Strategies for stakeholder participation

            Awareness of the problem and formulation of a plan is the first step in the process of creating a policy (Laureate Education, Inc. (Executive Producer), 2011).  One of the strategies for stakeholder participation is through implementing an education plan for nursing professionals and practitioners focusing on the barrier to reporting incidents.  When analyzing the structure of an organizational policy that is in place, the facility should have reported data in their system, if not then this would be the best place to start.  The goal should be finding out why there is no data that reflects patient on nurse injuries.  When nurses state that they obtained lasting injuries, then ask them if they reported it, many times they will tell you no due to “nothing being done to fix the problem.”  One reason for underreporting can include a “lack of reporting policy, lack of faith in the reporting system, and the fear of retaliation” from the organization (Occupational Safety and Health Administration [OSHA], n.d., p. 2).  Many places have a no tolerance policy when it comes to workplace violence.  However, the verbiage is mainly geared towards lateral violence and not upheld when the incidents happen.  When it comes down to be a patient safety issue, patient on nurse violence is huge.  The rationale is, if a nurse is injured, staffing is often reduced, leading to job dissatisfaction, and eventual nursing turnover.


American Nurses Association. (2018, April 18). ANA responds to the Joint Commission sentinel event alert on physical and verbal violence against healthcare workers. Nursing World.

Arnetz, J. E., Hamblin, L., Ager, J., Luborsky, M., Upfal, M. J., Russell, J., & Essenmacher, L. (2015, May). Underreporting of Workplace Violence. Workplace Health & Safety, 200-210.

Laureate Education, Inc. (Executive Producer). (2011). Healthcare policy and advocacy: Agenda setting and the policy process [Video file]. Retrieved from

Occupational Safety and Health Administration. (n.d.). Workplace violence in healthcare; Understanding the challenge. Retrieved from

The Joint Commission. (2018). Physical and verbal violence against health care workers. Retrieved from

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The Broken Path

With the increase of drug and alcohol abuse tagged with the large homeless population that we have in society today, the dynamic of a nurse’s assignment.  Some people do not understand or know the progression or living options for these individuals.  It can be a continuation of the same unless the patient chooses to change and has resources to take the necessary steps to get better.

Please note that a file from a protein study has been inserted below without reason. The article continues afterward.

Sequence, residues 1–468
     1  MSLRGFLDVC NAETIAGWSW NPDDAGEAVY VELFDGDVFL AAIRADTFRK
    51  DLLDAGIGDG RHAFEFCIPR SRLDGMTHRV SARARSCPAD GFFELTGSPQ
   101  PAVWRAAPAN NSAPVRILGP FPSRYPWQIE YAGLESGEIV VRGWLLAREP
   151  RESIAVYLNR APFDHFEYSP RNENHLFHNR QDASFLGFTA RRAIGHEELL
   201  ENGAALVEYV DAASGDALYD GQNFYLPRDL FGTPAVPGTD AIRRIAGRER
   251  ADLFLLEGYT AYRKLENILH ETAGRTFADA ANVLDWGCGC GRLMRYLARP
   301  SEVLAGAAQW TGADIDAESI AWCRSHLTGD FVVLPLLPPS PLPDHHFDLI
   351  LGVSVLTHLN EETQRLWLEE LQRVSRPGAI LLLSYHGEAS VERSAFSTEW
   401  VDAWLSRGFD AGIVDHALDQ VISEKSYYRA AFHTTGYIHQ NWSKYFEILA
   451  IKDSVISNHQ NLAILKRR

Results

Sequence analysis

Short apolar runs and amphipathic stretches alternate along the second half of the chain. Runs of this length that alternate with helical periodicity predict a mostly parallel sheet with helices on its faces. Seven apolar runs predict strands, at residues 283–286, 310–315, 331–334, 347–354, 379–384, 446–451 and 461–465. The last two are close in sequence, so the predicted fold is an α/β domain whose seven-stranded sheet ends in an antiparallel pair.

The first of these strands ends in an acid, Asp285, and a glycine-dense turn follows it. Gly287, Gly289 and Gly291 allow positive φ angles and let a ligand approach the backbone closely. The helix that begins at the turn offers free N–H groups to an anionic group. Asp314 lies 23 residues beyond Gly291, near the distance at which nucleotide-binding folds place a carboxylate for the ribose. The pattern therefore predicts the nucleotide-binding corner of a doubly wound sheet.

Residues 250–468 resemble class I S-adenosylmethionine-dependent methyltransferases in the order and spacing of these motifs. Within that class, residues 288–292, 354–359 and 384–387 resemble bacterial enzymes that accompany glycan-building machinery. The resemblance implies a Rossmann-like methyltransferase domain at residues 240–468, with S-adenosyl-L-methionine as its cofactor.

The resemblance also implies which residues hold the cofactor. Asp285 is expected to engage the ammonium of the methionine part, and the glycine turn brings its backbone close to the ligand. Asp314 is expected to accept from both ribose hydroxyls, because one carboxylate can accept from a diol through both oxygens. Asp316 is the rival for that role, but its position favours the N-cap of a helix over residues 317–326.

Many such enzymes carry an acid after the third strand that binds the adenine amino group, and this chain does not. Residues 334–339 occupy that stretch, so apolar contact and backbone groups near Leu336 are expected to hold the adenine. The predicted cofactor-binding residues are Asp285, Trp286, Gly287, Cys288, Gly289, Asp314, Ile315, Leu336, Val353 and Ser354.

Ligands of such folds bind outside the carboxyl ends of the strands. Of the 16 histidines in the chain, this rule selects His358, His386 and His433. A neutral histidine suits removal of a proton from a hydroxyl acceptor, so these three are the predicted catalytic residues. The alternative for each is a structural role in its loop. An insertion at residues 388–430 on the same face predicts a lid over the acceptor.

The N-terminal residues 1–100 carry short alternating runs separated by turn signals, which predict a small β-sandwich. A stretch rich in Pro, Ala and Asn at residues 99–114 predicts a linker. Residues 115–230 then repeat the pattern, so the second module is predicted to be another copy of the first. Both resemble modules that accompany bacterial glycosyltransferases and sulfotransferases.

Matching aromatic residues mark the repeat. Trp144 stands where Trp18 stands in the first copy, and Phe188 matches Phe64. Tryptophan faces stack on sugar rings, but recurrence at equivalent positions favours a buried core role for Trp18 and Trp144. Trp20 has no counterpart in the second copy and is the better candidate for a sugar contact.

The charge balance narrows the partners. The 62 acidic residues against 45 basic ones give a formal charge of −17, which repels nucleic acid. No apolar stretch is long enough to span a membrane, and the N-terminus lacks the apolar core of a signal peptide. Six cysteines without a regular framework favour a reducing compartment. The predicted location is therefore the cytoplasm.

Where do these people go?

Let’s examine the options:

  1. Home – The most ideal.  Usually at the beginning of the illness, prior to and the beginning of the addiction or the progression of the mental illness.  This patient still has a job and functional.
  2. Move in with friends – The addiction is growing to the substance of their choice to the point they need to downsize due to the cost of the lifestyle.  The reason is that the mental illness untreated or treated they had lost their job or need to work part-time due to decompensating.  If the patient is treated, will they continue their meds or self-medicate?  More times than not, they self-medicate.
  3. Homeless shelters/Tent cities – The issues (addiction & mental illness) are becoming great.  The patient may have exhausted their resources to the point that their friends and family cannot take them in any longer due to stealing, the mental illness progression, or other reasons relating to abuse and illness.
  4. The streets – Life has completely changed for this patient where they could be committing crimes to support their habit or they aren’t able to work due to the decompensation from their illness.
  5. Hospitals – In Florida, we have the Baker Act.  If you feel that you are a danger to yourself or others you or someone else can Baker Act you for a mandatory 72-hour psychiatric hold.  The psychiatric doctor can hold the patient or not and also depends on if the patient takes their medications, and cooperates with meetings or rules of the unit.  Often, the patients can refuse the medication so this delays treatment.  The other scenario is that the patient forgot to make their appointment due to their illness and ran out of medication.
  6. Jail – The patient is arrested in the community and they stay there for their sentence and released back into the community.  Some with lengthy records, including felonies.  When you have a lengthy record or receive a felony, it is difficult to find housing and a job.
  7. The cycle starts back at #3 unless they get housed in an Assistant Living Facility (ALF), group home, or Skilled Nursing Facility (SNF) as a Traumatic Brain Injury (TBI) staying across the hall from a fragile individual.  The patient may sign themselves out of the facility and go back to the streets due to having more freedom and options for continuing the same circle.